The Complete ADA Compliance Website Checklist

ADA compliance checklist

By Erica Statly

ADA stands for the American Disabilities Act, which was published under the Standards for Accessible Design in 1990. The purpose of the law is to protect people with disabilities. While this law was created with physical barriers in mind, as the world continues to evolve, accessibility for disabled people is now a topic for internet users.

Several companies have experienced lawsuits in the past few years due to lack of accessibility. People with disabilities are suing based on the premise that they are unable to use these websites, because they do not accommodate their specific disability. By using this checklist, you can avoid many issues surrounding web accessibility and your website.

The ADA Compliance Website Checklist

The following 26 checklist items were taken from the official Chapter 5 Title II ADA Compliance Checklist.

Accessibility Checklist For Current Web Pages & Content

  • Does the top of each page with navigation links have a “skip navigation” link?
  • Do all links have a text description that can be read by a screen reader (not just a graphic or “click here”)?
  • Do all of the photographs, maps, graphics and other images on the website currently have HTML tags (such as an “alt” tag or a long description tag) with text equivalents of the material being visually conveyed?
  • Are all of the documents posted on your website available in HTML or another text-based format (for example, rich text format (RTF) or word processing format), even if you are also providing them in another format, such as Portable Document Format (PDF)?
  • If your website has online forms, do HTML tags describe all of the controls (including all text fields, check boxes, drop-down lists, and buttons) that people can use in order to complete and submit the forms?
  • If your website has online forms, does the default setting in drop-down lists describe the information being requested instead of displaying a response option (e.g., “your age” instead of “18 – 21”)?
  • If a web page has data charts or tables, is HTML used to associate all data cells with column and row identifiers?
  • Do all video files on your website have audio descriptions of what is being displayed to provide access to visually convey information for people who are blind or have low vision?
  • Do all video files on your website have written captions of spoken communication synchronized with the action to provide access to people who are deaf or hard of hearing?
  • Do all audio files on your website have written captions of spoken communication synchronized with the action to provide access to people who are deaf or hard of hearing?
  • Have all webpages been designed so they can be viewed using visitors’ web browser and operating system settings for color and font?

Check these items off your list

Download the Website Accessibility Checklist

Accessibility Checklist for Policies & Procedures

  • Do you have a written policy on website accessibility?
  • Is the website accessibility policy posted on your website in a place where it can be easily located?
  • Have procedures been developed to ensure that content is not added to your website until it has been made accessible?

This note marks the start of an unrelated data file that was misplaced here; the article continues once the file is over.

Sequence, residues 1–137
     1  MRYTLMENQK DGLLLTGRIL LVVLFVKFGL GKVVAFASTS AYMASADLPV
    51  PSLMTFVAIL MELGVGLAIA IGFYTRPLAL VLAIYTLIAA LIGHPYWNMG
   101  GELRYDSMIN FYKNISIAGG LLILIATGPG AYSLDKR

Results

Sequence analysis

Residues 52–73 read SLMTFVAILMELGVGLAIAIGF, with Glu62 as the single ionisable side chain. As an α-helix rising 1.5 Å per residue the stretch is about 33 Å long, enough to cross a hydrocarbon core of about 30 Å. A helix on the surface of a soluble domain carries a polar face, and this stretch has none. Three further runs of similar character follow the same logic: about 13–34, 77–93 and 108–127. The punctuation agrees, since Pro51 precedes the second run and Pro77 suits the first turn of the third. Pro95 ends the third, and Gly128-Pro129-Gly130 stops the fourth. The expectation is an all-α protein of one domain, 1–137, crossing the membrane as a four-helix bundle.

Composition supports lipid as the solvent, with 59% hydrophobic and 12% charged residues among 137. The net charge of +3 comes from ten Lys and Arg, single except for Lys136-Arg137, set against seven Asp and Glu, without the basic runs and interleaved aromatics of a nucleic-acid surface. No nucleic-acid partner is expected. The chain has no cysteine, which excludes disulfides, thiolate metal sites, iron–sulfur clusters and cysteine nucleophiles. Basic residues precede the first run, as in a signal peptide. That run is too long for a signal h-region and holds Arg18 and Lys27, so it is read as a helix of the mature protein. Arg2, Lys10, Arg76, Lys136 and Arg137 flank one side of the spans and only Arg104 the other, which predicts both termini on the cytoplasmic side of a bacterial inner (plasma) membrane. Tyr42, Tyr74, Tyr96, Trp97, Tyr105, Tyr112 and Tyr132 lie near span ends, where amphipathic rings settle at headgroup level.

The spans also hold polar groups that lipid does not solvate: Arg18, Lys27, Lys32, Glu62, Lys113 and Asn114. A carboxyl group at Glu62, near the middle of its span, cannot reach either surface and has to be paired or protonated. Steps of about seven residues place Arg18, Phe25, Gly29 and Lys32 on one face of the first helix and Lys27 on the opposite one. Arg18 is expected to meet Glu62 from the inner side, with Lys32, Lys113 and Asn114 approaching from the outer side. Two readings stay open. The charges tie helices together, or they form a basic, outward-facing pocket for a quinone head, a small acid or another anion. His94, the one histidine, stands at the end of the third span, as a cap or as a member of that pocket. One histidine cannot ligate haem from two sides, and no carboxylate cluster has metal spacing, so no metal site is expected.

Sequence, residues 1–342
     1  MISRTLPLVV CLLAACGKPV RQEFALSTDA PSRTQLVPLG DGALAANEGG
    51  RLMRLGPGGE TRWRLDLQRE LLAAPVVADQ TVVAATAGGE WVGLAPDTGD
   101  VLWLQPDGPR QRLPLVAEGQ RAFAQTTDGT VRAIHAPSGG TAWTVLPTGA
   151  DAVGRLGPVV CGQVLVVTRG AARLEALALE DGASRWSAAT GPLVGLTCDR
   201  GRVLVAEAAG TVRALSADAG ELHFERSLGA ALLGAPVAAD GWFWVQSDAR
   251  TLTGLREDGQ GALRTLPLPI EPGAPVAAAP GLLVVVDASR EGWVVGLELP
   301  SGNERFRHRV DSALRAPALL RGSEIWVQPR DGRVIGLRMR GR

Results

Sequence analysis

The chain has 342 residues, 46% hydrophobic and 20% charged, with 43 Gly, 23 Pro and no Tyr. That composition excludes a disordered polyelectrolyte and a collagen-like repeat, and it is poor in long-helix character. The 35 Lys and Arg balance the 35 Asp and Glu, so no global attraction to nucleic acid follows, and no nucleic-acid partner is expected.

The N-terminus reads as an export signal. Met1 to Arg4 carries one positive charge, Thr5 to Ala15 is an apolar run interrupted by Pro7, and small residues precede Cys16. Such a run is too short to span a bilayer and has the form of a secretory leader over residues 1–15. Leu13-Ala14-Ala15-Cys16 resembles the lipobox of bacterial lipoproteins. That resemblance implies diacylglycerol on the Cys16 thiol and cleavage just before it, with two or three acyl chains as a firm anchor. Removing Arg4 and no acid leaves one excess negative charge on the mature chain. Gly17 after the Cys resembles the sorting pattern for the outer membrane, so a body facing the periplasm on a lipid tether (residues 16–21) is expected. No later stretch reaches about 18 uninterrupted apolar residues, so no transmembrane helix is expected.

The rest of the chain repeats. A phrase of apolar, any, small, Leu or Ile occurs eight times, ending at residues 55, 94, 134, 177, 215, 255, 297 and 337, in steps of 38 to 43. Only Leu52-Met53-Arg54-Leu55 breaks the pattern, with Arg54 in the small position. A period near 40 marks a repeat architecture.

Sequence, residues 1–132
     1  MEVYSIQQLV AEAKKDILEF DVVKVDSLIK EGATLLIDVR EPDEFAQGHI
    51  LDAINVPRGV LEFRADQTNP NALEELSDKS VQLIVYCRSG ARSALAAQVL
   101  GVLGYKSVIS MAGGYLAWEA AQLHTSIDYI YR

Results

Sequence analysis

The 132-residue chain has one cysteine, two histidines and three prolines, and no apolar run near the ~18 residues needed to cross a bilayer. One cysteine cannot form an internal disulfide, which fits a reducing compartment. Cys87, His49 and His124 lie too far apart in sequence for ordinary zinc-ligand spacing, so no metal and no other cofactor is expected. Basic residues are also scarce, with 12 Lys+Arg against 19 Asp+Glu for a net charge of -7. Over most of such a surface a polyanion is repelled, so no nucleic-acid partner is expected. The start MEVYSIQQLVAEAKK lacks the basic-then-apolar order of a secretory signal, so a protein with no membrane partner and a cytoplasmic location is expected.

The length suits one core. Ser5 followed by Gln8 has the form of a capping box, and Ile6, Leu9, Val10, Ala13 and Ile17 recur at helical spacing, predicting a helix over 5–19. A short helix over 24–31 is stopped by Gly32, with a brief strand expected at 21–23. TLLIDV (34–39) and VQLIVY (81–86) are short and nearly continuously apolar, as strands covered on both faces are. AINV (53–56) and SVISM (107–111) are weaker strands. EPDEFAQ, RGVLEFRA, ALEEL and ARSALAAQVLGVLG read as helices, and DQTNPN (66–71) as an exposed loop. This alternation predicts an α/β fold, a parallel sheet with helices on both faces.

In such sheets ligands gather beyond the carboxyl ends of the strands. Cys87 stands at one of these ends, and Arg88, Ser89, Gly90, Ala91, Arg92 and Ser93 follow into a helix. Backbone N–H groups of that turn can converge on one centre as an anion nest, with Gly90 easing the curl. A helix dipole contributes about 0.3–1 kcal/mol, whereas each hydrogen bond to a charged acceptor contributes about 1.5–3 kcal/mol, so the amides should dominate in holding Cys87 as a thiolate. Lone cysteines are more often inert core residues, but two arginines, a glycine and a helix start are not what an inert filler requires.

• Does the website manager check the HTML of all new webpages to confirm accessibility before the pages are posted?
  • When documents are added to your website in PDF format, are text-based versions of the documents (e.g., HTML, RTF, or word processing format) added at the same time as the PDF versions?
  • Have in-house staff and contractors received information about the website accessibility policy and procedures to ensure website accessibility?
  • Have in-house and contractor staff received appropriate training on how to ensure the accessibility of your website?
  • Have in-house and contractor staff who create web content or post it on your website received copies of the Department of Justice’s technical assistance document “Accessibility of State and Local Government Websites to People with Disabilities”?
  • If your website contains inaccessible content, is a specific written plan including timeframes in place now to make all of your existing web content accessible?
  • Have you posted on your website a plan to improve website accessibility and invited suggestions for improvements?
  • Does your website home page include easily locatable information, including a telephone number and email address, for use in reporting website accessibility problems and requesting accessible services and information?
  • Do you have procedures in place to assure a quick response to website visitors with disabilities who are having difficulty accessing information or services available via the website?
  • Have you asked disability groups representing people with a wide variety of disabilities to provide feedback on the accessibility of your website?
  • Have you tested your website using one of the products available on the Internet to test website accessibility?
  • Are alternative ways of accessing web-based information, programs, activities, and services available for people with disabilities who cannot use computers?

Take the time to ensure your website fully accessible to internet publics by using our checklist. Use Accessible Metrics to automatically scan your website monthly for ADA compliance.